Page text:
A shorter marketing span brings strong offers that could result in a home selling for over asking price.

Buyers are less likely to play “let’s make a deal” and nit-pick every little thing; they feel the urgency of competing with other interested parties for the same house.

3. The price gets better with time. If it doesn’t sell this time, the seller will get a better price by re-listing next spring, next summer, etc.

It has been said before, but it needs to be said again: A home that sits is not like fine wine — it does not get better with time.

The longer a home stays on the market, the more likely buyers are to question its value.

Subsequently, any offers that come in tend to be perceived as too low by an already-frustrated seller who thinks there weren’t any buyers for their home while it was on the market the first time.

Granted, some seasons can be better than others — and that really depends on where a home is geographically located.

Trying to attract maximum traffic in the dead of winter may not be the best strategy, but if priced aggressively, a seller may just get that serious buyer who is ready to close.

Waiting to re-list again may mean competing with other houses on the market that are both nicer and offer more bang for their buck.

The additional carrying costs of a mortgage, maintenance and upkeep as well as the possibility of needing to make repairs to an aging roof or AC system eat into the profitability of commanding a better price next year.

If the home is somewhat dated on the inside, price out the cost of replacing granite counters, updating appliances, repainting and other upgrades, and it will likely be much less expensive to adjust the price without as much hassle.

4. X price is as low as the seller will go.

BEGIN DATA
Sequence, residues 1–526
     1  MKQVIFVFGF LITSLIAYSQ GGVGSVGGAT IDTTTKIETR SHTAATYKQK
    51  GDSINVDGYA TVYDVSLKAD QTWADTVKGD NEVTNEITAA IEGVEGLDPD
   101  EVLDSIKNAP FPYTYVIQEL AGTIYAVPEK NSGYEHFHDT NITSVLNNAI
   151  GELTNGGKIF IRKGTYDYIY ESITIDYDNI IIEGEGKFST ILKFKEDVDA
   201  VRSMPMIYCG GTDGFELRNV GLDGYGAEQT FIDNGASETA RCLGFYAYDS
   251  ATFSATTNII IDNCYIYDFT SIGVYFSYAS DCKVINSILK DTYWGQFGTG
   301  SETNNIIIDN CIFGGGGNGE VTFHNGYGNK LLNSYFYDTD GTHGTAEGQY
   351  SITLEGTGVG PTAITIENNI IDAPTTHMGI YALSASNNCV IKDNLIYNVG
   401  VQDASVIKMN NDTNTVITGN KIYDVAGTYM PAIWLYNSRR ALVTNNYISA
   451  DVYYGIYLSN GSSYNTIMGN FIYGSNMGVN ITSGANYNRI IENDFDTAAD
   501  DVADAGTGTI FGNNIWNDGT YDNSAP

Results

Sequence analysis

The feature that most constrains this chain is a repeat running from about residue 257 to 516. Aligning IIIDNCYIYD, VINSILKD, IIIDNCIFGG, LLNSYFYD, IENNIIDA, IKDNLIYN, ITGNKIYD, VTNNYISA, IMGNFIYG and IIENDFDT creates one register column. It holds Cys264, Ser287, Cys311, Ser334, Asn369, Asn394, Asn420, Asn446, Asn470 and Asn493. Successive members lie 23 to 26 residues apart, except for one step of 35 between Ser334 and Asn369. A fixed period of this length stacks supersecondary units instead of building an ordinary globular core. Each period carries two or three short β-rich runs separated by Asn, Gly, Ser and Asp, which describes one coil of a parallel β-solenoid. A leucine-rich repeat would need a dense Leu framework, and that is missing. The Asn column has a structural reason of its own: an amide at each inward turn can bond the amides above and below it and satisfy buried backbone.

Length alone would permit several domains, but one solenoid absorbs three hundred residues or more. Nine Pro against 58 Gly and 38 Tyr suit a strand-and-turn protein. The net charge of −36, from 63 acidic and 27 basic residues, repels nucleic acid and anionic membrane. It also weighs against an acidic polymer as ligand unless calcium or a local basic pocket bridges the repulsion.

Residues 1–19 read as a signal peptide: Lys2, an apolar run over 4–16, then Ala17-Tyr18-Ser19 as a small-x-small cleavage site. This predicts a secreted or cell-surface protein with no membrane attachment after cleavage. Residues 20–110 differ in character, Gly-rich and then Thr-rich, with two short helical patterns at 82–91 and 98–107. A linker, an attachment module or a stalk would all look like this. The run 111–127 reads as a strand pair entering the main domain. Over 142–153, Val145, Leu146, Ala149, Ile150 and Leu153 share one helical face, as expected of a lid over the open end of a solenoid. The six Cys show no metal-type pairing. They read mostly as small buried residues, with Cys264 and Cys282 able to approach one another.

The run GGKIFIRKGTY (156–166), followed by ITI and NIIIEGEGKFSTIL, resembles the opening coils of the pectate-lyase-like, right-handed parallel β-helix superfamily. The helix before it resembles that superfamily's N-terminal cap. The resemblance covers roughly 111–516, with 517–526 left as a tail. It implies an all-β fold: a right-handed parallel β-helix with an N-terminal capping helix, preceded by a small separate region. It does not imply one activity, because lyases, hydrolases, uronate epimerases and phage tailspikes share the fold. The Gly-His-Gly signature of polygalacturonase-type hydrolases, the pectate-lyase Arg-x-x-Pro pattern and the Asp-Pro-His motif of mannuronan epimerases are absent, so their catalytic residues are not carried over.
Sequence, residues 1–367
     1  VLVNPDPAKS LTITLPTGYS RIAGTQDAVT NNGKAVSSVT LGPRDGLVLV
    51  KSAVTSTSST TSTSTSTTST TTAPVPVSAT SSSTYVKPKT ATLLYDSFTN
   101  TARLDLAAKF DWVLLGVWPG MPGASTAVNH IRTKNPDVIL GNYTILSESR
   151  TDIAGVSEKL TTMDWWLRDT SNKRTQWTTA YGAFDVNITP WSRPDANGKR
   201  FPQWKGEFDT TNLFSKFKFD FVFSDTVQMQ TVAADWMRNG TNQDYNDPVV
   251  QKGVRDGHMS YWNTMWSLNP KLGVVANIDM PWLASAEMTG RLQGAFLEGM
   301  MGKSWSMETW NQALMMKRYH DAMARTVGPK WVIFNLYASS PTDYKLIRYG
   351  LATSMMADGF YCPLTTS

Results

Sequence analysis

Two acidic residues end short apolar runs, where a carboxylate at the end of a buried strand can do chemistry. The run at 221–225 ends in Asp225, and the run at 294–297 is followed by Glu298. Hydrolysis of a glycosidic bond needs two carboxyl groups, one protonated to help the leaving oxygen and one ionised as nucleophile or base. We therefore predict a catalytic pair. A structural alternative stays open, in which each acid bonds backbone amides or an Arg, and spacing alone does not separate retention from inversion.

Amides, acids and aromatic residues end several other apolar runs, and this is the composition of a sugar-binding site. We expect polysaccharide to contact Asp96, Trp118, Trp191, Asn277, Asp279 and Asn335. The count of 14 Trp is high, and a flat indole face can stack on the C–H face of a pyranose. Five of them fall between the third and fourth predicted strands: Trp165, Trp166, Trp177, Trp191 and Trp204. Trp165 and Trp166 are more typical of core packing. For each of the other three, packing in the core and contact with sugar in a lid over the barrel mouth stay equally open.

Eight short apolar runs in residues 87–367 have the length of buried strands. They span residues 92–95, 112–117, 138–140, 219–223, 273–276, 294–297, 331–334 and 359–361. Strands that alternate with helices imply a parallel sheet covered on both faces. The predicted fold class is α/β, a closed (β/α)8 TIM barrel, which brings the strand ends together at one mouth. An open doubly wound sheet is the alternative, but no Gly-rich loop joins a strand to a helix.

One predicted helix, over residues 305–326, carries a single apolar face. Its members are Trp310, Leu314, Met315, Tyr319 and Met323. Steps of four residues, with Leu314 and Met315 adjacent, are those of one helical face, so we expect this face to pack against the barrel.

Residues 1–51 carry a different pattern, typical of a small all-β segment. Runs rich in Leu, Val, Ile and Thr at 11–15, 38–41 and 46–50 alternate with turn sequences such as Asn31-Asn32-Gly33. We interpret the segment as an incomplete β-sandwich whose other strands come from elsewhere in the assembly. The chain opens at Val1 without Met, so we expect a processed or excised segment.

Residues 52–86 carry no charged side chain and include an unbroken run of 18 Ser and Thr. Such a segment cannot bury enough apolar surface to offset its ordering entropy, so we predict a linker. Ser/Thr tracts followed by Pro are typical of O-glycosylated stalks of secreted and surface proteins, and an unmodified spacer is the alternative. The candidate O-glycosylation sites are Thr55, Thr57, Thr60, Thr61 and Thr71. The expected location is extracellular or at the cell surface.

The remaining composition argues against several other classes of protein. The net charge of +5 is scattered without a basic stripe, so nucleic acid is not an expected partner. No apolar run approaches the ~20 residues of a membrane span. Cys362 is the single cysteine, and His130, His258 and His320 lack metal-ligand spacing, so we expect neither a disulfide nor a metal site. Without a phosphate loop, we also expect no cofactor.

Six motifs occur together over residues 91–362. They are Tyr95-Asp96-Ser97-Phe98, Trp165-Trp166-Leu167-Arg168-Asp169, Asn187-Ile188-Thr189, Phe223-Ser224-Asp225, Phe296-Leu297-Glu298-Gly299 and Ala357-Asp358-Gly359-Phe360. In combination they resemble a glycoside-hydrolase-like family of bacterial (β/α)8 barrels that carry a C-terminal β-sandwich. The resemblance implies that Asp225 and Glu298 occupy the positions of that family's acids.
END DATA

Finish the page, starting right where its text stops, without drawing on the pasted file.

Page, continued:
When faced with an offer that is less than what they want, sellers love to draw a line in the sand and dig their heels in over an arbitrary number that they deem to be “their bottom line.”

Who decides what a property is ultimately worth anyway? Buyers see the glass as half empty versus half full, and in some markets and real estate cycles, they are holding the cards.

Sellers can decline an offer based on a number, but they may never get there with another buyer, and a subsequent offer may be lower or layered with conditions and complications.

5. An offer should come in close to asking price.

Sellers are often disappointed at the initial price when an offer is received and ask “why so low?”

Does a seller really think a buyer is going to be generous with their initial offer?

Unless it is a really hot property, priced aggressively or in a low-inventory market, no buyer is going to willingly offer more than they have to, especially on a first pass. They want to get a sense of the seller’s flexibility or lack thereof before deciding their next move.

6. Outdated features shouldn’t impact the selling price.

So the home has “upgrades” circa 1990 with white melamine cabinets, beveled edge laminate counters and builder grade 12-by-12-inch tile with brass fixtures, and the seller expects the buyer to pay full asking price or close to it?

Reality check!

The buyers are looking at how much they are going to have to spend to bring the home up to today’s standards and are going to deduct accordingly when formulating an offer.